The sounds of the 80s have come full circle. No, come back…
My mate Reg’s relationship with 80s music is similar to that of Hitler and the Jewish community.
One mere mention of music from that decade and he adjusts his slouch to an upright position, spittle begins to form in the corner of his mouth and his usual pallid complexion changes to a deep crimson before setting off on an oft-heard diatribe which can last anything up to an hour. It’s not a pretty sight. But damn funny.
To some extent he has a point. The 1980s OD-ed on naffness, pomp and superficiality, but then taste is also shaped by circumstance as well as the ear, and what you associate music with often has great effect on whether you dig it.
And being working class through and through, Reg has many reasons – not just music – to loathe Thatcher’s Britain.
As a child of the 80s, my memories revolve more around football, transformers and Spectrum computers than sounds. The music is a mere afterthought and 80s records, barring the odd compilation and greatest hits, have weaved their way into my collection through years of careful cherry-picking – up until now.
For 2008 is fast-becoming the 2080s. The revival and influence is everywhere and unavoidable in so many of this year’s new releases – and often in much of the best stuff too.
Typified by last Monday’s barnstorming Ladyhawke LP. A record seemingly drenched in Stevie Nicks‘ knickers, given a prune by Madonna and skronked through the mix by Prince. It is utterly now, but riddled with 80s polish and electro swagger.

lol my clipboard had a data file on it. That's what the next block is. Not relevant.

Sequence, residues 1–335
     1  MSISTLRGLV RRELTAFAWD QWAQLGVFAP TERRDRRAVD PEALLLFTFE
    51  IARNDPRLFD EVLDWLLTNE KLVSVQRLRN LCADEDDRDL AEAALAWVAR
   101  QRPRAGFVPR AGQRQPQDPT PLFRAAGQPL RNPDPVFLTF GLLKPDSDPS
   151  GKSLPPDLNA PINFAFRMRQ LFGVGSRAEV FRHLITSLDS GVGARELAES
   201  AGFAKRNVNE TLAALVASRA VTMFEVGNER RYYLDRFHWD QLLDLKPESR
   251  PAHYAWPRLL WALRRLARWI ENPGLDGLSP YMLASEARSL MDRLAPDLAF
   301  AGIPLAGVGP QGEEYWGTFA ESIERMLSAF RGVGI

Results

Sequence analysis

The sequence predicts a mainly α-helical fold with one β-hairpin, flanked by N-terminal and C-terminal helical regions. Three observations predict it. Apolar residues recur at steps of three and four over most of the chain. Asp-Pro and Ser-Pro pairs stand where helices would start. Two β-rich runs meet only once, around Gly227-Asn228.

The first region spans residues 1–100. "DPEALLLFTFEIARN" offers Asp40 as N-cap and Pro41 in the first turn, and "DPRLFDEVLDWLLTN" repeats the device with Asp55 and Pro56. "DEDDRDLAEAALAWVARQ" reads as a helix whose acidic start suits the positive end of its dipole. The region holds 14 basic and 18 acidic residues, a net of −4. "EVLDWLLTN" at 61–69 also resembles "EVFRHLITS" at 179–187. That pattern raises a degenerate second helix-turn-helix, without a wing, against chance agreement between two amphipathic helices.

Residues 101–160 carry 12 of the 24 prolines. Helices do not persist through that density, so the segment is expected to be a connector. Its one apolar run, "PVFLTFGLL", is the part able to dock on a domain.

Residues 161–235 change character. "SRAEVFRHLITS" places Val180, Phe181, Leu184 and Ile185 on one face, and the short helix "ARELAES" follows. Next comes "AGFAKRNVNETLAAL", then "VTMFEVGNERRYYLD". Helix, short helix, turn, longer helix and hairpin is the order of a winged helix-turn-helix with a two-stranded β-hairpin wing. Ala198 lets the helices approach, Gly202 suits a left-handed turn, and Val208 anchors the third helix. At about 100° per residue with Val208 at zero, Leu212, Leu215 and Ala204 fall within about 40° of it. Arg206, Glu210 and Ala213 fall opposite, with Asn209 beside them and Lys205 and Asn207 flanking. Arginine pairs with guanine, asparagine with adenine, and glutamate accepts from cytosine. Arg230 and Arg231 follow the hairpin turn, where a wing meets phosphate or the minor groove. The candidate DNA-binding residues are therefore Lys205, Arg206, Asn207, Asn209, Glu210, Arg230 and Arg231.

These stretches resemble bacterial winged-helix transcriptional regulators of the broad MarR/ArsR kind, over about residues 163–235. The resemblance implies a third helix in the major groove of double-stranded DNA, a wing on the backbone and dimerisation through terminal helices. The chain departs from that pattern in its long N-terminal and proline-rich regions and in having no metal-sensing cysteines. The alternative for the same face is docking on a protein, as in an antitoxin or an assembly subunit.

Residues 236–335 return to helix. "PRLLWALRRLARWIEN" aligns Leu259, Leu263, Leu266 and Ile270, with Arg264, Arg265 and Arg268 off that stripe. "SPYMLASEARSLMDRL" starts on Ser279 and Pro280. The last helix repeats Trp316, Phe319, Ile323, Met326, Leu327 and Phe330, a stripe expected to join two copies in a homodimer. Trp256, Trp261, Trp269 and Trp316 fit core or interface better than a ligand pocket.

I first got tipped off about Phillipa Brown (Pip to her mates) last summer and catching her at the Crystal Castles-assisted Skins gig, she clearly had the tunes, but buried beneath a thick fringe of gold and a straw boater she lacked the oomph needed to distract the Day-Glo 16-year-olds on the look out for Tony and Michelle.
Then her album sampler dropped. Five tracks of effortless, sexy, infectious throb which have sound tracked my summer. By now you probably know the Gary Numan Cars-aping Paris Is Burning a song which has single of the year stamped all over it. That is until you consider there’s probably two better on this sampler. Let alone the full-length proper which I’m still digesting right now (an album of the year contender, no doubt).
Undoubted favourite is My Delirium; the sound of Fleetwood Mac overdosing on cocaine and champers with 1999-era Prince on production duties. There’s a neon darkness, an edge and a disconcerting paranoia and yet it’s so ECSTATIC. Oh, and it contains a whacked out synth middle eight that sounds like Fischerspooner got in on the act. It’s blindingly good. And deserves your immediate attention.
Ladyhawke: Back Of The Van
Almost as good, is the Mercury-nominated Neon Neon‘s Stainless Steel. A concept record about cars and sex. And sex in cars. All chrome-wrapped, synthetic rhythms and vacuous lyrics. A record seemingly lost in time – or stuck in Miami Vice-era America, which ever way you look at it – all shiny suits, Top Gun action sequences, Dynasty hairstyles and shoulder-padded power dresses.
Musically it’s a rich melting pot of metallic disco, steely hip-hop and keytar pop.
But, what makes the record so special comes from the most unlikely of sources – the lead vocals are assumed by Super Furry Gruff Rhys.